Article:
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The INTENSE project: using observations and models to understand the past. present and future of sub-daily rainfall extremes

The INTENSE project: using observations and models to understand the past. present and future of sub-daily rainfall extremes
The INTENSE project: using observations and models to understand the past. present and future of sub-daily rainfall extremes
Historical in situ sub-daily rainfall observations are essential for the understanding of short-duration rainfall extremes but records are typically not readily accessible and data are often subject to errors and inhomogeneities. Furthermore, these events are poorly quantified in projections of future climate change making adaptation to the risk of flash flooding problematic. Consequently, knowledge of the processes contributing to intense, short-duration rainfall is less complete compared with those on daily timescales. The INTENSE project is addressing this global challenge by undertaking a data collection initiative that is coupled with advances in high-resolution climate modelling to better understand key processes and likely future change. The project has so far acquired data from over 23 000 rain gauges for its global sub-daily rainfall dataset (GSDR) and has provided evidence of an intensification of hourly extremes over the US. Studies of these observations, combined with model simulations, will continue to advance our understanding of the role of local-scale thermodynamics and large-scale atmospheric circulation in the generation of these events and how these might change in the future.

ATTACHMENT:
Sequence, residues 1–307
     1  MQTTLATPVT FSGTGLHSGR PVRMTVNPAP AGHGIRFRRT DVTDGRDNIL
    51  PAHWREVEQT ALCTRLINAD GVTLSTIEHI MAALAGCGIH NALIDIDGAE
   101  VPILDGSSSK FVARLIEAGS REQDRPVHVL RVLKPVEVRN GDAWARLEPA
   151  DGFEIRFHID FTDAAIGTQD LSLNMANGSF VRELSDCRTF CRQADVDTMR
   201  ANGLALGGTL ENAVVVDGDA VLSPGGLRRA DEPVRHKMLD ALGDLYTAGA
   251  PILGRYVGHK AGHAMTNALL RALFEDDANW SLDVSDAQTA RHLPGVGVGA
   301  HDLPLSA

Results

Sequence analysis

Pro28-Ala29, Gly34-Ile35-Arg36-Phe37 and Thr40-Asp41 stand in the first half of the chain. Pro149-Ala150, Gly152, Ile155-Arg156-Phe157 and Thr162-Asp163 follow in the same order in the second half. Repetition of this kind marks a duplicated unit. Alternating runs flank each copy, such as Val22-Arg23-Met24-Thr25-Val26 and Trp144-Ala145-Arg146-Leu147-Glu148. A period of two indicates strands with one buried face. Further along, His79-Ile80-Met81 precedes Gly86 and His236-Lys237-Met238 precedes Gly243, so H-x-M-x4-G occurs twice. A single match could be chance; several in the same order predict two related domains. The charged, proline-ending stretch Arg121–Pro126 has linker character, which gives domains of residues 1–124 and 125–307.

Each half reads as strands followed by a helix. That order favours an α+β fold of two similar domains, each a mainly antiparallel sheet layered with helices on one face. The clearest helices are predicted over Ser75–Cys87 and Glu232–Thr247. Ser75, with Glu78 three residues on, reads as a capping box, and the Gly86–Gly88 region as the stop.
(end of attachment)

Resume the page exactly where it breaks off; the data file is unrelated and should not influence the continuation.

1992-0628